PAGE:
Drainage basins are local open systems.
A river's drainage basin is the area surrounding the river where the rain falling on the land flows into that river - also known as the river's catchment.
The boundary of a drainage basin is the watershed so any precipitation falling beyond the watershed enters a different drainage basin.
Inputs are water coming into the system, for example precipitation - rain, snow, hail, dew and frost - including all the ways moisture comes out of the atmosphere.
There are five ways water is stormed in the system.
One. Interception - precipitation lands of vegetation/buildings/concrete/tarmac before it reaches the soil. This creates a significant store of water in wooded areas but this is only temporary as it evaporates quickly.
Two. Vegetation storage - water that has been taken up by plants and is all the water contained in plants at any one time.
Three. Surface storage - water in puddles (depression storage), ponds and lakes.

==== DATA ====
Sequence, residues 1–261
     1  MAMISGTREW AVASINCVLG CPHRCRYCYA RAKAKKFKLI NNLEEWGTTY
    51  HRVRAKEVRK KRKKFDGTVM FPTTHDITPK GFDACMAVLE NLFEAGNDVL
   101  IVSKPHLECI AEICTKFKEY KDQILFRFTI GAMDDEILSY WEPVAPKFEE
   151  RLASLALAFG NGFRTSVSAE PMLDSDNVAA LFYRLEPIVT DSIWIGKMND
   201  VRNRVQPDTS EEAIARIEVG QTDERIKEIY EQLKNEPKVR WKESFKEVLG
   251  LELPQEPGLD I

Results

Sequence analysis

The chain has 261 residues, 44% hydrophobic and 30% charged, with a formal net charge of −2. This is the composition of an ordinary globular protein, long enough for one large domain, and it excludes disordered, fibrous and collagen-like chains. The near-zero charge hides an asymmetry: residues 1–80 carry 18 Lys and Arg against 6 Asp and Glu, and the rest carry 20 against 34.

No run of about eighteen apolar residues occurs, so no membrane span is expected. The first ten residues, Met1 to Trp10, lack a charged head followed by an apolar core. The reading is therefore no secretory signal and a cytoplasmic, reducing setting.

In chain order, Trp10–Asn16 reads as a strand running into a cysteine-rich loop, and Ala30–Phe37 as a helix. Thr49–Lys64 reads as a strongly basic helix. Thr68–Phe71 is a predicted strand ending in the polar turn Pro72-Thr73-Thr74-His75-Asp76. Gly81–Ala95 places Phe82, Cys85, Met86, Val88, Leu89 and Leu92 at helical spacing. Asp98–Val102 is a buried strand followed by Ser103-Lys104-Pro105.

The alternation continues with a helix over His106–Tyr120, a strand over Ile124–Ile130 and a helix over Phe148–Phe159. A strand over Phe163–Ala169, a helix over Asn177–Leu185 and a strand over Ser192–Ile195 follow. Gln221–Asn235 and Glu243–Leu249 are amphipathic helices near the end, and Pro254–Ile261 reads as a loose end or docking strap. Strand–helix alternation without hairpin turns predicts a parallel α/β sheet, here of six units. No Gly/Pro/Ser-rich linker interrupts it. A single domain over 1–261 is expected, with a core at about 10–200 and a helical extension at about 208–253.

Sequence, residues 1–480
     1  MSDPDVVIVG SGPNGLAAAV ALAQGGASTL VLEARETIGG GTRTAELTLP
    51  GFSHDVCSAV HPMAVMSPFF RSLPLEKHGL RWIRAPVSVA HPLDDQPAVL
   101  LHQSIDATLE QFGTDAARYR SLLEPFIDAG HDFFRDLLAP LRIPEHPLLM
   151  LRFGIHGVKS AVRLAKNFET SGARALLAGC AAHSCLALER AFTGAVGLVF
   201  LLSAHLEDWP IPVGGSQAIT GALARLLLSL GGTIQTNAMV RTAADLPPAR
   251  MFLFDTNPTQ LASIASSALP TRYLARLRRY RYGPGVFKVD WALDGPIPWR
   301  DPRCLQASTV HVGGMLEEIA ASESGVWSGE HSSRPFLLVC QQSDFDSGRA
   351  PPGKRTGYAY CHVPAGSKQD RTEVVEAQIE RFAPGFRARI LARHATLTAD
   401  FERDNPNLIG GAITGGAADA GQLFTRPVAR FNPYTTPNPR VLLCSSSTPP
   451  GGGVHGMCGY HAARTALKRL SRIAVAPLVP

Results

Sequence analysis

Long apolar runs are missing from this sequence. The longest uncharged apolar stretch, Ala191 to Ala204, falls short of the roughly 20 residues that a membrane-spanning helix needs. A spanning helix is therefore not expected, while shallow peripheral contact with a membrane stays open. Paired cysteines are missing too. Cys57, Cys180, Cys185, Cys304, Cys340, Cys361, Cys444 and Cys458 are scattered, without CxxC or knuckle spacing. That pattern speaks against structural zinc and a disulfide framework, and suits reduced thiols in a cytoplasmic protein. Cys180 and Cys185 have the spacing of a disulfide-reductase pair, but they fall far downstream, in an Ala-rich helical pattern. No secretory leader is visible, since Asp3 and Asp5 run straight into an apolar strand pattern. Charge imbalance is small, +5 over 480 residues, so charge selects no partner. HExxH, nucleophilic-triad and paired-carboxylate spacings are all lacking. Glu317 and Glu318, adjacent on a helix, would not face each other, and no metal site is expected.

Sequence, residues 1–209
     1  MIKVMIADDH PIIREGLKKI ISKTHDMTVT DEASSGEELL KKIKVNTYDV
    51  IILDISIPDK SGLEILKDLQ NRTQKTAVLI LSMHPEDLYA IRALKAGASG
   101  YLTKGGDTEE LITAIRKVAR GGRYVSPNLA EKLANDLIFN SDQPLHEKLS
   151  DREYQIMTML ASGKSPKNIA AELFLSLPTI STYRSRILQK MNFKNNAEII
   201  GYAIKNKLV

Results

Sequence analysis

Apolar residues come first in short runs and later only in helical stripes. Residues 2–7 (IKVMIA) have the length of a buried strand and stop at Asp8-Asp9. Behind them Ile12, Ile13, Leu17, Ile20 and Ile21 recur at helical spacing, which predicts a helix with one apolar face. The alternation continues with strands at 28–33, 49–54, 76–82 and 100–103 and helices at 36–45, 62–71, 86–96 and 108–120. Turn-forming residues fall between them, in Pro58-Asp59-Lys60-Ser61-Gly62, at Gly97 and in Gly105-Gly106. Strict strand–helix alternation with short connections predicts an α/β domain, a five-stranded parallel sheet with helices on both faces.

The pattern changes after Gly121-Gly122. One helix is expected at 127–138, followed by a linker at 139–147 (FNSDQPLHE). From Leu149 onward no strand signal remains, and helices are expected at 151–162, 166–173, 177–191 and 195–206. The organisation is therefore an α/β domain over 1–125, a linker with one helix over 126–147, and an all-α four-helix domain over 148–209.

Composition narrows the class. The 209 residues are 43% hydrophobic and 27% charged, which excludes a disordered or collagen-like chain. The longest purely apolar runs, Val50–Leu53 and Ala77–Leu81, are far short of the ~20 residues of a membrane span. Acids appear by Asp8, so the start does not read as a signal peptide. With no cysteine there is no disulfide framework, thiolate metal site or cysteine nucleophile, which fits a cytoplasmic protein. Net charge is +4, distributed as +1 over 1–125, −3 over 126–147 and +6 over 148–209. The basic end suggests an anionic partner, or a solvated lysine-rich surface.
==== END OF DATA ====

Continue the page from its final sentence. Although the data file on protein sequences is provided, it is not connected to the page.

Four. Ground water storage - water stored in the ground by soil (soil moisture), or in rocks. This water table is the top surface of the zone of saturation. The zone of saturation is the zone of soil or rock where all the pores in the soil or rock are full of water. Porous rocks that hold water are called aquifers.
Five. Channel storage - the water held in a river of stream channel.
There are lots of different ways water moves from one place to another. These are flows and processes:
One. Surface run off (or overland flow) - water flowing over the land. It can flow over the whole surface or in little channels, and is common in arid areas where torrential rains on hard baked land.
Two. Throughfall - water dripping from one…